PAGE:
Unkle Monkey is not the name of a children's television show.
Not yet, anyway.
For now, it's the name of a rock band that plays its special brew of calypso, reggae, Hawaiian and classic rock - with a little dash of
Cajun and zydeco thrown in for good measure.
It's called "Tropical Rock."
"This is not really the mellow 'Day-O,' 'Tiny Bubbles' types of songs," says Steve(n) Stafford, founder, rhythm guitarist and lead singer
of Unkle Monkey, which will close out the free Summer Concert Series at University Center across from UC Irvine Friday.
"This is heavy Islands music. One fan called it 'yacht rock,' as a lot of our gigs have been on yachts."
Which is not surprising, considering that most of the songs in the group's repertoire have an island theme.
"They're songs about travelling, drinking - rum, that is - and sunsets," explained Stafford, who writes songs from
experience. He's been to Hawaii numerous times, as well as Bali, Tahiti, Australia, the Carribean, Mexico, Europe
and the French quarter of New Orleans.
"I've adapted the style of where I've been to into the song," he said, pointing out that it's the group's repertoire that is
eclectic, not any one song.
"Some songs are straight-ahead reggae. Some are calypso. Some are Hawaiian, even sung in Hawaiian and using Hawaiian
But, to some extent, all of Unkle Monkey's 60-plus songs "have an island beat and theme, with congas and island instruments," Stafford
The group - four strong for Irvine but as many as seven for bigger venues, such as festivals and fairs - will perform
selections from its CD, "Dancin To The Rhythm of The World," for which Stafford said he wrote "sort of autobiographical" songs
about his travels.
"They're Jimmy Buffet stuff," said Stafford, who, like Buffet, had been a sailor. "He plays some with an island beat, other
songs of his rock, but all have to do with the life of a beachcomber. It's escapism."
Unlike the other groups that have preceeded them in Universty Center's Summer Concert Series, Stafford, guitarist and singer
Dave Winston, bassist Rick Moors and drummer Casey Jones will be making their Irvine debut. The group's usual stomping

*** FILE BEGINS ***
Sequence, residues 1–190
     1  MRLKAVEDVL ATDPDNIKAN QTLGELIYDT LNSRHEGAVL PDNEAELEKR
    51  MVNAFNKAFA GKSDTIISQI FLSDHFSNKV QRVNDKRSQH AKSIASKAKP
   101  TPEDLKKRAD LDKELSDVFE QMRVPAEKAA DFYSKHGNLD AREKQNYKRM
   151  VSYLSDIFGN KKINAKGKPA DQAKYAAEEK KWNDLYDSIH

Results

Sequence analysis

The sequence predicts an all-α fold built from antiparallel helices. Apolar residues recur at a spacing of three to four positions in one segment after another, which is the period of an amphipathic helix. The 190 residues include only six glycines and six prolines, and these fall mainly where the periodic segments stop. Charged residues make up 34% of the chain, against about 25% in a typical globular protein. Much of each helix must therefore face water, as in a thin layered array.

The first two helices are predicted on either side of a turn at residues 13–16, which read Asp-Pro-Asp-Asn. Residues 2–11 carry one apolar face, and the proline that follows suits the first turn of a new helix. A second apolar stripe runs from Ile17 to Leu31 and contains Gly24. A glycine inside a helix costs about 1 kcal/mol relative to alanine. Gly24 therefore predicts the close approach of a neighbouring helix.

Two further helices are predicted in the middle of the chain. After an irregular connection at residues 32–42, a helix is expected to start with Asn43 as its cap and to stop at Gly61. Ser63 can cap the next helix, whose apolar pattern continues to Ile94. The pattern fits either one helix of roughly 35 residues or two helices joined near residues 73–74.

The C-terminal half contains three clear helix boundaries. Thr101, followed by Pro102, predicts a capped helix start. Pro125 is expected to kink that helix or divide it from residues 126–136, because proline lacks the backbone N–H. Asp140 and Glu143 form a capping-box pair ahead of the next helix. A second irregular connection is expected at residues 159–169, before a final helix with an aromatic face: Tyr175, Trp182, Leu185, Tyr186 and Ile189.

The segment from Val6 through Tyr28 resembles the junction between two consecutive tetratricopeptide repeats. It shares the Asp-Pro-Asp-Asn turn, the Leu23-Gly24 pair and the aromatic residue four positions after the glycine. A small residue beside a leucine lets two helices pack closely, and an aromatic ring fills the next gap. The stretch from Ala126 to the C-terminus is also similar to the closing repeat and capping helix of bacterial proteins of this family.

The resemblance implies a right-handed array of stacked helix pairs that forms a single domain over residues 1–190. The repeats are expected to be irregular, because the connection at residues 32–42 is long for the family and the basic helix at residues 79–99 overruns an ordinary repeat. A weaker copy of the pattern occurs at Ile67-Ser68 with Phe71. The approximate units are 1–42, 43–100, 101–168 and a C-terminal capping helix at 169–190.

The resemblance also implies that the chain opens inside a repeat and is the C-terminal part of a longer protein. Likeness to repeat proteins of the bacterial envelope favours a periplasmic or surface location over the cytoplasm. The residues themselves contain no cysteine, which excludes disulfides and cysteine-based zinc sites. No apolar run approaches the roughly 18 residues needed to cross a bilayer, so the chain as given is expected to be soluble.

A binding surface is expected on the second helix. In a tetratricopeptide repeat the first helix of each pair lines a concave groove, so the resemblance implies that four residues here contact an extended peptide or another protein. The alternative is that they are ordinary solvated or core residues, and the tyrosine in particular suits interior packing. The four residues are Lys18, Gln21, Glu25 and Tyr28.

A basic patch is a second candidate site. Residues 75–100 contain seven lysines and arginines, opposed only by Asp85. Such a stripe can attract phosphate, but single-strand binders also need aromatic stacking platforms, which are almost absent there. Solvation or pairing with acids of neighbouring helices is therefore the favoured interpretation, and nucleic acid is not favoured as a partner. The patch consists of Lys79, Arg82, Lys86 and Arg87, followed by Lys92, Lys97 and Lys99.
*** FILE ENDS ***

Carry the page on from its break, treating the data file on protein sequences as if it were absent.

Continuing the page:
grounds lie along the Southern California coast, "from Santa Barbara to San Diego," according to Stafford.
"That includes the Strawberry Festival, where we've been their band for five years running," he said. "Over there
we do a reggae version of, naturally, 'Stawberry Fields Forever.'"
Stafford has had the "on-the-road" bug since he was 3 and travelling across the country in the back of his parent's
station wagon. His father was in the Air Force and the family moved frequently.
"I just remembered seeing neon signs" at that age, he recalled.
The music bug bit him later in life - about mid-teens - although that, too, was not the dramatic moment for Stafford,
but evolved over time.
"But once I became serious about (music), about 17, 18, it just kind of snowballed from there," he said.
Influenced by such seminal groups as the Beatles musically and Bob Dylan poetically, and spending his 20s travelling
all over the world, Stafford brought a wealth of musical and cultural influences to Unkle Monkey, which he formed
five years ago, hand-picking every musician.
Among the projects looming ahead for the group is a video, possibly another CD - and a children's television show.
"It's to be an animated children's program," he explained, "where Unkle Monkey travels around the world and learns to
do traditional songs of the places he visits and makes up a song about that country so that the children watching the
program can learn about it, too.
"It's things I would do - only an animated monkey is doing it instead," he said.
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